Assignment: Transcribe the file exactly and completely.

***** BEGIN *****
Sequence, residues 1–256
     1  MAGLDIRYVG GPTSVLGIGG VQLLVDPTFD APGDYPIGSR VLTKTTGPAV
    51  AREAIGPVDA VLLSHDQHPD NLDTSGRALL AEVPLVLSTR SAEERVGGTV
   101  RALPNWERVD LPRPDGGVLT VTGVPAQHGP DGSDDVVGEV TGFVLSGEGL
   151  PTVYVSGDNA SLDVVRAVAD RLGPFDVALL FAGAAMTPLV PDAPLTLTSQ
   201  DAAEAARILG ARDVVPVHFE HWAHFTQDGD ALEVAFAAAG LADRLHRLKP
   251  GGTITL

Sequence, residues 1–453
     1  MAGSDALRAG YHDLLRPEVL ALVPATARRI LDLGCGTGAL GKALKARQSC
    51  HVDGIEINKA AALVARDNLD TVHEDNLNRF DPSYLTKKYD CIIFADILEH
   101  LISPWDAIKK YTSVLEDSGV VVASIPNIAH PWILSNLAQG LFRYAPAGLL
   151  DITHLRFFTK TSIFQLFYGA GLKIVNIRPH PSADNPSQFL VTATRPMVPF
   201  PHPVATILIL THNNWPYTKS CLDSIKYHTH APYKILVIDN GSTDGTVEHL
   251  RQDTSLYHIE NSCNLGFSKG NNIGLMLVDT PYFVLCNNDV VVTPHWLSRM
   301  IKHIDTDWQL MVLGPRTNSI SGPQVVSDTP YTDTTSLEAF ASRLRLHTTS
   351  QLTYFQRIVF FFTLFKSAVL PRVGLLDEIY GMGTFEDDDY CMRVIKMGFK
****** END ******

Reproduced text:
Sequence, residues 1–256
     1  MAGLDIRYVG GPTSVLGIGG VQLLVDPTFD APGDYPIGSR VLTKTTGPAV
    51  AREAIGPVDA VLLSHDQHPD NLDTSGRALL AEVPLVLSTR SAEERVGGTV
   101  RALPNWERVD LPRPDGGVLT VTGVPAQHGP DGSDDVVGEV TGFVLSGEGL
   151  PTVYVSGDNA SLDVVRAVAD RLGPFDVALL FAGAAMTPLV PDAPLTLTSQ
   201  DAAEAARILG ARDVVPVHFE HWAHFTQDGD ALEVAFAAAG LADRLHRLKP
   251  GGTITL

Sequence, residues 1–453
     1  MAGSDALRAG YHDLLRPEVL ALVPATARRI LDLGCGTGAL GKALKARQSC
    51  HVDGIEINKA AALVARDNLD TVHEDNLNRF DPSYLTKKYD CIIFADILEH
   101  LISPWDAIKK YTSVLEDSGV VVASIPNIAH PWILSNLAQG LFRYAPAGLL
   151  DITHLRFFTK TSIFQLFYGA GLKIVNIRPH PSADNPSQFL VTATRPMVPF
   201  PHPVATILIL THNNWPYTKS CLDSIKYHTH APYKILVIDN GSTDGTVEHL
   251  RQDTSLYHIE NSCNLGFSKG NNIGLMLVDT PYFVLCNNDV VVTPHWLSRM
   301  IKHIDTDWQL MVLGPRTNSI SGPQVVSDTP YTDTTSLEAF ASRLRLHTTS
   351  QLTYFQRIVF FFTLFKSAVL PRVGLLDEIY GMGTFEDDDY CMRVIKMGFK